• Haley Lu Richardson – Lead Role in The Well and The Young Kieslowski
  • Sean Maher – Lead Role in BFFs
  • Ryan Kiser – Lead Role in The House of Manson
  • Marisa Coughlan – Moderator, Space Station 76, Freddie Got Fingered, Super Troopers

TCFF14BannerI hope you’ll stop by FlixChatter in the next couple of weeks as a team of bloggers bring you TCFF coverage. I’ll be interviewing some of the talents, starting with Haley Lu Richardson on Friday AM. So stay tuned! 😀


Indie Spotlights

On top of the studio releases such as Men, Women & Children, The Imitation Game and Wild, there are a boatload of intriguing indie narratives you absolutely should check out! I’ve highlighted seven of them already [you can see all the trailers here], but there are so many more, starting with this latest addition:

Laggies (Sat, Oct. 25th, 3:00pm)

Director: Lynn Shelton
Cast:
Keira Knightly, Chloe Grace Moretz and Sam Rockell

In the throes of a quarter-life crisis, Megan panics when her boyfriend proposes, then, taking an opportunity to escape for a week, hides out in the home of her new friend, 16-year-old Annika, who lives with her world-weary single dad.

Big Significant Things (10/17 – 3:00pm, 10/24 – 2:30pm)

Director: Bryan Reisberg
Cast: Harry Lloyd, Krista Kosonen, Sylvia Grace Crim

A week before they move across the country together, Craig lies to his girlfriend in order to go on his first road trip — to the south. Alone.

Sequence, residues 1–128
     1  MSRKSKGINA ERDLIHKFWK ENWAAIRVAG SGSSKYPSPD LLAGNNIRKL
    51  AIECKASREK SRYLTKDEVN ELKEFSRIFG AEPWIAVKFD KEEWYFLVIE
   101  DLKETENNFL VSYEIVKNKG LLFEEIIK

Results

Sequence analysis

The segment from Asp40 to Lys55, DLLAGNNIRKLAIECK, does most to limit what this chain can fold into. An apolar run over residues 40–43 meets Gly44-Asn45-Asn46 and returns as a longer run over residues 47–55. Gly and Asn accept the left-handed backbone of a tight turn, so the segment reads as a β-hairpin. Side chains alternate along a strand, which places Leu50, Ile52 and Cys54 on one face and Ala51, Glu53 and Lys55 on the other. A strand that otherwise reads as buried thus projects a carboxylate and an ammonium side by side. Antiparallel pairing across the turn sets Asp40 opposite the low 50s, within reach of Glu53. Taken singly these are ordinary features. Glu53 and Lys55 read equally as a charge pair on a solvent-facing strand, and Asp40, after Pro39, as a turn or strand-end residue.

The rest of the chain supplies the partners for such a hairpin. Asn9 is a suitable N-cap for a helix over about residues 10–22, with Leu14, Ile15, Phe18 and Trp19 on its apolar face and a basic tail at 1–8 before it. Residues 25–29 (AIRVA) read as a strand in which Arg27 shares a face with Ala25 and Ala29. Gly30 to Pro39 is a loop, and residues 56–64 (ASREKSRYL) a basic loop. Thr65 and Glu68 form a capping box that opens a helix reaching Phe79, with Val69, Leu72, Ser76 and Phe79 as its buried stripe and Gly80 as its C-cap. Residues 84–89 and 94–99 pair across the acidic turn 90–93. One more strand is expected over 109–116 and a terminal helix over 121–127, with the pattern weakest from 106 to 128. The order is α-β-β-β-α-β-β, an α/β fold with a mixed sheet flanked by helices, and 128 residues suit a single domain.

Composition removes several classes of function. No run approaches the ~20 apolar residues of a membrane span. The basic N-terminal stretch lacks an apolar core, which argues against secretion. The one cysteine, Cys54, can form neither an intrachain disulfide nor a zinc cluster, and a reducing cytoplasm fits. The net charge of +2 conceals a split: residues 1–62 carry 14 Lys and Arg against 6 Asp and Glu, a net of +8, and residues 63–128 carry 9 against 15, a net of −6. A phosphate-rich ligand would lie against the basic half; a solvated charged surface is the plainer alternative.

Old Fashioned (10/18 – 2:00pm, 10/22 – 4:30pm)

Director: Rik Swartzwelder
Cast:
Rik Swartzwelder, Elizabeth Roberts, LeJon Woods

A former frat boy and a free-spirited woman together attempt the impossible: an “old-fashioned” courtship in contemporary America.


BFFs (Sat, 10/18 – 6:00pm)

Director: Andrew Putschoegl
Cast:
Tara Karsian, Andrea Grano, Sean Maher, Larisa Oleynik

Kat and Samantha have been best friends for years. Kat is given a couples weekend workshop as a birthday gift by her mother (never mind that her relationship with her ex-boyfriend has been over for six months). Samantha never seems to have a problem finding men to date -they just never seem to last. Samantha convinces Kat to take advantage of the idyllic retreat by pretending to be lovers – how hard could it be? They expect some down time by the pool and maybe a few good stories to bring home with them. What they don’t expect is to get immersed in a world where they are surrounded by couples who are fighting to keep their relationships strong, and by default, make Samantha and Kat face their own shortcomings as they find themselves having to work on their relationship that isn’t really a relationship.

 

The Young Kieslowski (Sun, 10/19 – 3:00pm)

Director: Kerem Sanga